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Montreal, 2012

Photographing people

I find taking pictures of people endlessly fascinating, perhaps because people are themselves that way. But that doesn’t mean that things are always straightforward. I plan on writing in the blog about changes in the concept of personal privacy and how that affects photography, especially what’s often called “street” photography. I think these changes are a two-edged sword and worth talking about. Regardless, this is a small collection of favored photographs of people. >gallery


Social documentary photography

Damascus street, 2001

Social Documentary Photography

Since about 1967  I’ve taken photographs of people acting in relationship to others. By that I don’t mean only groups of people doing things – it can also be individuals who act as part of something larger. This particular gallery is about people doing business and manner that it’s done. The gallery starts photographs of small businesses and then moves through change and into the present with photos of markets in different countries. (Titles can be turned on or off by pressing the “i” buton)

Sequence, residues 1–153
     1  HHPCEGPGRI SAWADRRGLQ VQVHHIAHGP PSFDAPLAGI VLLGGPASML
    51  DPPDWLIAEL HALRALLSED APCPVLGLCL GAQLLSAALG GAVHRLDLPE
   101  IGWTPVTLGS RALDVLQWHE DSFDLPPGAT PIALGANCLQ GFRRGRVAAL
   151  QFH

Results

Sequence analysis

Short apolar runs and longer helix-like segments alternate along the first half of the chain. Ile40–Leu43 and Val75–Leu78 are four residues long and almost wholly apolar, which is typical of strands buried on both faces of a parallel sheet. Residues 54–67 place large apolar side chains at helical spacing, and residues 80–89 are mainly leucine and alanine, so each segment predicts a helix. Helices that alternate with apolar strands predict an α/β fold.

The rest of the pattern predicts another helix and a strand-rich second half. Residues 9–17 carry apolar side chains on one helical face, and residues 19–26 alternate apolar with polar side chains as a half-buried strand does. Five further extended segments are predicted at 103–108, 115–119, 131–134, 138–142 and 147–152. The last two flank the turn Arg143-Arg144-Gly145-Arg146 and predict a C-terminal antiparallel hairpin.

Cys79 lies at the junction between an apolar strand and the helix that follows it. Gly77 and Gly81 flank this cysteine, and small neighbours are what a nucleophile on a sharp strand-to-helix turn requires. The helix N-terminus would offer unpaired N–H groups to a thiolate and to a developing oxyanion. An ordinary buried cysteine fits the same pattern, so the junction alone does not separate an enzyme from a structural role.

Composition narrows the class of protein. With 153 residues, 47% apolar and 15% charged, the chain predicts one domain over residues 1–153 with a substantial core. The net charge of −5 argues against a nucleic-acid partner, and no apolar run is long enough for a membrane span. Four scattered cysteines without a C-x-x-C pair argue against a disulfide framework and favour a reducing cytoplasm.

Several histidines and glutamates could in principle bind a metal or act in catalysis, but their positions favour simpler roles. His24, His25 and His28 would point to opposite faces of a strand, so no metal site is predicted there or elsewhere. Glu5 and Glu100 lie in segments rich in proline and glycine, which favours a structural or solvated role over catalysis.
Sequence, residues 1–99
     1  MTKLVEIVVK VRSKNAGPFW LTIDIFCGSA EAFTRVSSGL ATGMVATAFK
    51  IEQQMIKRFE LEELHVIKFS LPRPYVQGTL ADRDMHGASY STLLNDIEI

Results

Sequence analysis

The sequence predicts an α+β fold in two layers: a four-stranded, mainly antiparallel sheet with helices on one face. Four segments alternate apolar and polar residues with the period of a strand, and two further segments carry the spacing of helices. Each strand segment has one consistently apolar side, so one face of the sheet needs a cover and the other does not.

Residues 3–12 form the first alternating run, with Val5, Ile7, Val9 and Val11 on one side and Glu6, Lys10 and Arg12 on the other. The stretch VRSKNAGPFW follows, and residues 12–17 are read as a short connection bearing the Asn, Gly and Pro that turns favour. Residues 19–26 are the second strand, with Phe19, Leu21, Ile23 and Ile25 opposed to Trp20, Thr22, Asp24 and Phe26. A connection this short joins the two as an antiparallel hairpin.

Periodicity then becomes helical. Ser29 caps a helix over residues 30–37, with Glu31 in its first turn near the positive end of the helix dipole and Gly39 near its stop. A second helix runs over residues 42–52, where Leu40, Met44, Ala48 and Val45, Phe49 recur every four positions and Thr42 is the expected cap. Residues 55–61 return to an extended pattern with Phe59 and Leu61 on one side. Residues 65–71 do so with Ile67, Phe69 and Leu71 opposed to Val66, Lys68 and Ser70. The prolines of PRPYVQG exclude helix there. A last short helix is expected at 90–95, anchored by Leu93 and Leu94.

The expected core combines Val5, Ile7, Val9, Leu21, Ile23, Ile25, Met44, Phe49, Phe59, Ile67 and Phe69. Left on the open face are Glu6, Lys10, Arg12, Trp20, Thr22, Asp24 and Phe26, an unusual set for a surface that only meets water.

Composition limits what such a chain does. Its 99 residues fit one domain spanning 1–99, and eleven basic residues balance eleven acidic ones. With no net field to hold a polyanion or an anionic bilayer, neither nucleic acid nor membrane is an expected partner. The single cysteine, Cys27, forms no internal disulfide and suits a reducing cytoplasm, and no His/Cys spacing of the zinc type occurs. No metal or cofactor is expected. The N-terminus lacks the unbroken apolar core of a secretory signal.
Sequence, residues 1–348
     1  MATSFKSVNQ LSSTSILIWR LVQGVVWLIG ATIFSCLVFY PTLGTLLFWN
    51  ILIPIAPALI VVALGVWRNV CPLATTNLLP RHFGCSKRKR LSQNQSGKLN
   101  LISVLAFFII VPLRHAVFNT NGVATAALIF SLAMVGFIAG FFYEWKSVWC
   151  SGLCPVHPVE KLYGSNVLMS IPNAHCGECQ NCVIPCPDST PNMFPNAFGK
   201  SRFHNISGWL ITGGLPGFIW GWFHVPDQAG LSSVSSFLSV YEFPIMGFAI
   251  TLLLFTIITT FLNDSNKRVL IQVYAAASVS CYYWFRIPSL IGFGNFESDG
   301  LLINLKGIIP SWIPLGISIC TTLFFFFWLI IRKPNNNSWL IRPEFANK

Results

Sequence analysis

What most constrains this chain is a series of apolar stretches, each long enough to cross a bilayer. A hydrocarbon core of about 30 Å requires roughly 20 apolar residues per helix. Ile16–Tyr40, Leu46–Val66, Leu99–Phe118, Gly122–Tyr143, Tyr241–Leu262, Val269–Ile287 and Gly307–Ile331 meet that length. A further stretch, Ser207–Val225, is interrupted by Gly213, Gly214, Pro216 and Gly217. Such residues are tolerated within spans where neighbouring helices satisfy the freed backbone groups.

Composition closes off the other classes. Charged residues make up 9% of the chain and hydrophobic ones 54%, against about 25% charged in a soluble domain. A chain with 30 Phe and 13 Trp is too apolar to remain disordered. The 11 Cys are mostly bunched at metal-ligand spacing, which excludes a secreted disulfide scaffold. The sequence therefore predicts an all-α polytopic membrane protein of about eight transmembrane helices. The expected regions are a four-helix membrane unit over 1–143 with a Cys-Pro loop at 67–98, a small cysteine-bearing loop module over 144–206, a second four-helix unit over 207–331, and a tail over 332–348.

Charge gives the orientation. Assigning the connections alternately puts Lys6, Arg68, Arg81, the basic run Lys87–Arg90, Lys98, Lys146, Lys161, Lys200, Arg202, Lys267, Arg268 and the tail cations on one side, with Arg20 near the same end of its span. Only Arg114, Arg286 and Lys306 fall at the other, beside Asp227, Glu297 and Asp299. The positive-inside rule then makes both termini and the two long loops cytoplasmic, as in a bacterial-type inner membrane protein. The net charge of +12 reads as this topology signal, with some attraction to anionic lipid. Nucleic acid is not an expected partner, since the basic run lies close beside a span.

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How Many Roads? is a book of photographs by Jonathan Sa'adah, available for order, offering an unglossy but deeply human view of the period from 1968 to 1975 in richly detailed, observant images that have poignant resonance with the present. Ninety-one sepia photographs reproduced with an introduction by Teju Cole, essays by Beth Adams, Hoyt Alverson, and Steven Tozer, and a preface by the photographer.
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All material © 2016 Jonathan Sa'adah no use without written permission